On the KBI website, it is possible to create a “community notification” for certain addresses. If such a notification were created using the addresses of the district’s six secondary schools, an email notification would be sent when anyone was registered within a certain radius of the school. Such a notification would certainly include an offender who was required to register a school address — such as the student in question — and would narrow the list from hundreds to dozens.
KBI spokesman Mark Malick confirmed that creating a community notification would cause a notification to be sent within five days of the receipt of an addition or update to an offender’s registry information. A Journal-World search of the registry for the six secondary school addresses did not indicate additional registered offenders who are students in the district at this time.
If the Lawrence school district were to create a policy regarding checking the registry or how to handle registered offenders who enroll, it would first be discussed in the school board’s policy advisory committee. The committee then makes a recommendation to the board, which makes the ultimate decision.
Kimball said she thinks the board policy committee needs to have “a deeper policy discussion” about the topic. Though she said she didn’t think there were necessarily negatives to checking the registry, Kimball said the district would have to determine logistical details, such as how often it was checked and how it would interact with the notification requirements of the School Safety and Security Act.
“Given that there’s that vehicle (the offender registry) available, then I think we have to discuss how do those two things work together, and I think there does need to be some discussion about that from a board policy perspective,” Kimball said. “…(The act) does not place an affirmative duty on the school district to go out and try to investigate these things, so that’s an interesting question: how all of these things are meant to — or maybe unintentionally — affect each other.”
Kimball said that once the policy committee completes its recommendation regarding the discrimination and harassment policy in mid-May, she thinks considering the issue of student offenders will be the next priority.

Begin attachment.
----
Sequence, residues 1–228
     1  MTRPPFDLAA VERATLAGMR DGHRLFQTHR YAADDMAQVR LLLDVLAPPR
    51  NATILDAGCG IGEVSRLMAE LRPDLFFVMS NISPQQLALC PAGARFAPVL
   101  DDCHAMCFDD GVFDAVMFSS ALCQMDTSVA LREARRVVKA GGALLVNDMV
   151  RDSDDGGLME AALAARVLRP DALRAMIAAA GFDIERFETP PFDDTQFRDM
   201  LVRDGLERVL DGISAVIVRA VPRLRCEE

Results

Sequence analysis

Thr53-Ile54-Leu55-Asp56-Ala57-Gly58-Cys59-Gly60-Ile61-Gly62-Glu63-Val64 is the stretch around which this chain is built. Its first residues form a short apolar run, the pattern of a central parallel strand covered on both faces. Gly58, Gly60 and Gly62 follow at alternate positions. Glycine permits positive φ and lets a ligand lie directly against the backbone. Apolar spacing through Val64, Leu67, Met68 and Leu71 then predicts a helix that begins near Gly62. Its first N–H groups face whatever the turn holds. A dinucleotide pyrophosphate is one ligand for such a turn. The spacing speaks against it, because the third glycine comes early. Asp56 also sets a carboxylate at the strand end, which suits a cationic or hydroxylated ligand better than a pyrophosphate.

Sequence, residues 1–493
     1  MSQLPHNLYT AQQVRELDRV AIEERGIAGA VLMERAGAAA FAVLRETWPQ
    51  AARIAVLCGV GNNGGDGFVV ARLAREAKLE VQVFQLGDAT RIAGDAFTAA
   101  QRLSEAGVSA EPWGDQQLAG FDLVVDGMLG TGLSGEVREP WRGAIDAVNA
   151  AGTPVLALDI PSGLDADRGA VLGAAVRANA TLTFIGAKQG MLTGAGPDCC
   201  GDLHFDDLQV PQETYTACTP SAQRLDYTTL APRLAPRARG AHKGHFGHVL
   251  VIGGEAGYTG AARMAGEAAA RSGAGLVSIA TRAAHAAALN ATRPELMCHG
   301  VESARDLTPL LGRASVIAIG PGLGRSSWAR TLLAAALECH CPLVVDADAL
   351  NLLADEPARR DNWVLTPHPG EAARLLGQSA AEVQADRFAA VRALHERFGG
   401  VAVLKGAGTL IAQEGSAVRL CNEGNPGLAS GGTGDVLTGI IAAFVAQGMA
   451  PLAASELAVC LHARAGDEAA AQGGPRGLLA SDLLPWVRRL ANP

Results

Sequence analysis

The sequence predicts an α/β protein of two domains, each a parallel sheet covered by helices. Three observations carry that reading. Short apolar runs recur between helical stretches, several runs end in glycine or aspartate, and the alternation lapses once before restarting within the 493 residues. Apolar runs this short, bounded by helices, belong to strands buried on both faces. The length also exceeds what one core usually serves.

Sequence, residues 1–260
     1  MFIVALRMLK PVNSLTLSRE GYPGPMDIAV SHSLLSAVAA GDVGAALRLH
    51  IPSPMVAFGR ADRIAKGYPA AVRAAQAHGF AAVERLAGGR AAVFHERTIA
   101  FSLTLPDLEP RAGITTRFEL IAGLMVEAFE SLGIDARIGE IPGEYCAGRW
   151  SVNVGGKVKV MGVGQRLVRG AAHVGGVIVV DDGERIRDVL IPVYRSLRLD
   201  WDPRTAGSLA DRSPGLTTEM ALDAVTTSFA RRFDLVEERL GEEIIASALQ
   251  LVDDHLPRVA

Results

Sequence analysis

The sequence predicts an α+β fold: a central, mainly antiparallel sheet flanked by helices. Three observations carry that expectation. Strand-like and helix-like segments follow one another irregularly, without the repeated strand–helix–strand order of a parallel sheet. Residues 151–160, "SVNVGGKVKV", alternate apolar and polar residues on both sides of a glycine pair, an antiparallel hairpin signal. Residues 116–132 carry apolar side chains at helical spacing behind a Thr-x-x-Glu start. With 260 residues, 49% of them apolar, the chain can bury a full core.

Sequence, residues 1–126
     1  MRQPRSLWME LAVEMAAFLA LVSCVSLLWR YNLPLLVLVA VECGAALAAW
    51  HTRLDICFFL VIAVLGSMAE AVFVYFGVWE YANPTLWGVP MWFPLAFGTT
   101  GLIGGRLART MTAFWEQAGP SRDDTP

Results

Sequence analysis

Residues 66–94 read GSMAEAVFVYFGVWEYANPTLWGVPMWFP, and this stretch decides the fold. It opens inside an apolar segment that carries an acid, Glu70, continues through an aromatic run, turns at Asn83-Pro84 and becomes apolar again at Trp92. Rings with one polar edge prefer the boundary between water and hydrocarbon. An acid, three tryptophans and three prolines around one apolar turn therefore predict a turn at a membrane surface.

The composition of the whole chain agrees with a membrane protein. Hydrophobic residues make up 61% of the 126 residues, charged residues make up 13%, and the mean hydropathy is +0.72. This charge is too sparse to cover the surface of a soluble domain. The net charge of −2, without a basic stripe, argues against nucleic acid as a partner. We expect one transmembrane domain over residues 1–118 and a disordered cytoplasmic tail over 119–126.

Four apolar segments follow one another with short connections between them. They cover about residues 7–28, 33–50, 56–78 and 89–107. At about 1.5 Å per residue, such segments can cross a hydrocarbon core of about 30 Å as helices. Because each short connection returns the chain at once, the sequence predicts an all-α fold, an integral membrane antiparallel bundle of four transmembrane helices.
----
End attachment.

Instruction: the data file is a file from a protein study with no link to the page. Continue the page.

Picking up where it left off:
“I do think we need to have some detailed discussions in the policy committee and have a better understanding of what’s going on before we can really make a good, solid policy recommendation,” Kimball said. “But I would anticipate that we would be doing that.”
District spokeswoman Julie Boyle echoed Kimball's sentiment Friday afternoon.
"We will take a look at whether revisions to policy and/or adjustments in current practice are needed to glean more information about any prior criminal history of students entering our schools," Boyle said via email.
One To See Change Past Posts
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On a Personal Note
As you know, many young men and women lives across the nation are being destroyed by incarceration, life-time registry and restrictive laws that do more harm than good. For those individuals, there is no second chance.
Below is a personal letter to President Obama:
* * * *
“Dear President Obama,
I truly agree with your sentiments that individuals, such as ex-felons, should be able to receive a second chance at life. Since we all know that one can veer off that path of life and travel along rough, rocky terrain, sometimes running off and ending up in some ditch. We all have made our fill of mistakes and sometimes those held a costly consequence that changed life forever. So we lived through it, trying harder to make things right with family, friends and those around us, but what about those who aren’t able to make things right even if they tried…because they’re labeled as too dirty, a leper, a person who is rejected from society and home.